First, the PhotoStitch version:
Now, the Hugin version:
That is perhaps not completely fair, because the Hugin and PhotoStitch versions are based on different sequences of photos. I hadn’t realized that when putting the Hugin version together. In any case, I’m planning on splitting the Hugin version in two, and printing both at about 18″ high so as to reduce the linear foot charge. I’ll have one physical join to make between the two images from the printout.<= get_option(\'vc_tag\') ?>> = get_option(\'vc_text_before\') ?> 4219 = get_option(\'vc_human_count_text_many\') ?> = get_option(\'vc_preposition\') ?> 1479 = get_option(\'vc_human_viewers_text_many\') ?> = get_option(\'vc_tag\') ?>>
NPR’s Science Friday hosted Ken Miller. Miller is promoting his new book, Only a Theory: Evolution and the Battle for America’s Soul. And he’s doing a good job of it, too. A student called in asking about evolution being forced on children in school, and Miller rebutted that, saying that evolution is no more forced on students than algebra, English, or history. He brought up the point that in schools students should be exposed to the very best thinking on subjects, and not long-discredited objections to topics snuck in via political fiat.
Another caller asked Miller about what he termed as serious criticisms of evolution, such as the improbability of proteins forming by accident and “the fossil record”. He asked why evolution should be exempt from scrutiny. I expected Miller to hand the guy his arse on a platter, and I was not disappointed, though Miller’s arse-ectomies are, characteristically, done with such charm and verve that the victims simply may not feel much sting from it. Miller took the points in reverse order, and started by pointing out that evolution does not escape criticism, which the caller could confirm by attending any scientific conference touching upon evolution. Then Miller took up “the fossil record”, and noted that some of the best evidence for evolution comes from the fossil record, despite the antievolution fondness for saying that there are gaps. Miller recounted how antievolutionists have emphasized the transition from fish to amphibians as one large gap, but that recent evidence has given us about five instances of fossils from this transitional sequence, and the most remarkable of those being Tiktaalik, a fossil whose discoverers predicted where to find it. (Miller plugged Neil Shubin’s book, Your Inner Fish: A Journey into the 3.5-Billion-Year History of the Human Body.) And then Miller took up the protein assembly objection, noting that nobody is proposing that proteins come to have the structure they do by accident, and that students learning this discredited notion would not be hearing about the phenomenal amount of work going on in molecular biology on this topic, all of which supports evolution.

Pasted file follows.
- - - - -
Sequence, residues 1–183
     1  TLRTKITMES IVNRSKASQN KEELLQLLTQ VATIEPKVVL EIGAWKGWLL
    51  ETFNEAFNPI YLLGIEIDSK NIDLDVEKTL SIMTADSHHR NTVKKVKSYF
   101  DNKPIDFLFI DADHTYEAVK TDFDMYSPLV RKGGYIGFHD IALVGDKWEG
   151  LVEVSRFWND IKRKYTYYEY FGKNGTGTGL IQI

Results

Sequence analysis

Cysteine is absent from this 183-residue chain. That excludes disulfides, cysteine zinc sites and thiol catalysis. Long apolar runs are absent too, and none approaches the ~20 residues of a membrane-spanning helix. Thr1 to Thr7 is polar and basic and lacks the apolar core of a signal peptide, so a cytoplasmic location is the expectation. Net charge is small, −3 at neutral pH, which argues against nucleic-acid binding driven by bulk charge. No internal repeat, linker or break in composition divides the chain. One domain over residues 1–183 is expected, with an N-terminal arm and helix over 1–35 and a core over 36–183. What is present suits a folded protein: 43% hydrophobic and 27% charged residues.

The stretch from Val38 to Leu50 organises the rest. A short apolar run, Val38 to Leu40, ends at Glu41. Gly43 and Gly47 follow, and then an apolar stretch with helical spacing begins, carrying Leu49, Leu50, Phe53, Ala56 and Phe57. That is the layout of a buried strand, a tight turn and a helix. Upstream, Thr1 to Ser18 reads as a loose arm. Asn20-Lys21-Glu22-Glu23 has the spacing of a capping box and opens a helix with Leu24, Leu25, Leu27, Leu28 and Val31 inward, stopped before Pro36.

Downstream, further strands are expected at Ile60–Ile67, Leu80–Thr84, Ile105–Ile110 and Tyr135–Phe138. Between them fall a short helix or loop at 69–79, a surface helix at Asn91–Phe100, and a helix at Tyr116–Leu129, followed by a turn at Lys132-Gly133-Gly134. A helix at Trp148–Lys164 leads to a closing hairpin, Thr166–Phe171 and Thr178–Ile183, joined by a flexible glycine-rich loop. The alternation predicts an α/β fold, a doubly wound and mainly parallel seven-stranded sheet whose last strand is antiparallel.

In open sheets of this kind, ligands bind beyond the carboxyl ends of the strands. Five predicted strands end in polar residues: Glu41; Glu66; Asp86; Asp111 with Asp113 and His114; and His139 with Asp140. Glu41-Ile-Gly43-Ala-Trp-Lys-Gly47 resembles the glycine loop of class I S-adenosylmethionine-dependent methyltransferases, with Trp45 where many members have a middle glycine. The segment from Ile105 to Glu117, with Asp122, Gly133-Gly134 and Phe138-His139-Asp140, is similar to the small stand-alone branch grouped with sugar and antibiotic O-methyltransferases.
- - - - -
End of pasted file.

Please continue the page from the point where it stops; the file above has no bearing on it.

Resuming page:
Nice job, Ken, and good luck with the book tour.<= get_option(\'vc_tag\') ?>> = get_option(\'vc_text_before\') ?> 4275 = get_option(\'vc_human_count_text_many\') ?> = get_option(\'vc_preposition\') ?> 1472 = get_option(\'vc_human_viewers_text_many\') ?> = get_option(\'vc_tag\') ?>>
Antievolution Wesley R. Elsberry on 11 Jun 2008
Remember Lauri Lebo discussing the social costs of confronting religious intolerance in her book, “The Devil in Dover”? Did you think that the problem was confined to rural Pennsylvania?
Here’s Tom Willis, one of the architects of the evolution and cosmology-less science standards in the state of Kansas back in 1999:
The Real Meaning of This Essay
The arrogance displayed by the evolutionist class is totally unwarrented [sic]. The facts warrent [sic] the violent expulsion of all evolutionists from civilized society. I am quite serious that their danger to society is so great that, in a sane society, they would be, at a minimum, denied a vote in the administration of the society, as well as any job where they might influence immature humans, e.g., scout, or youth, leader, teacher and, obviously, professor. Oh, by the way… What is the chance evolutionists will vote or teach in the Kingdom of God? But, of course, I myself, am not deluded. “Kingdom Now” theology notwithstanding, I have no expectations that such a proposal will ever be implemented, for the simple reason that delusion is ordained by God to reign until Christ returns. (2 Thess 2:10)
That’s simply odious. And… he considers theistic evolutionists to be worse, if that is possible.
Religious intolerance of the sort promoted by Willis and various other antievolutionists needs to be confronted and repudiated.<= get_option(\'vc_tag\') ?>> = get_option(\'vc_text_before\') ?> 5545 = get_option(\'vc_human_count_text_many\') ?> = get_option(\'vc_preposition\') ?> 2145 = get_option(\'vc_human_viewers_text_many\') ?> = get_option(\'vc_tag\') ?>>
The Devil in Dover
The New Press
I had been steadily working on analysis of an experiment that I will be presenting later this month, but Sunday afternoon a line of thunderstorms blew through here, and somewhere in there the power went out. My work laptop runs out of juice quickly when running Avida, so that’s closed up. There’s only so much playing with the puppy that I can handle at a time, and somehow I feel a need to do something.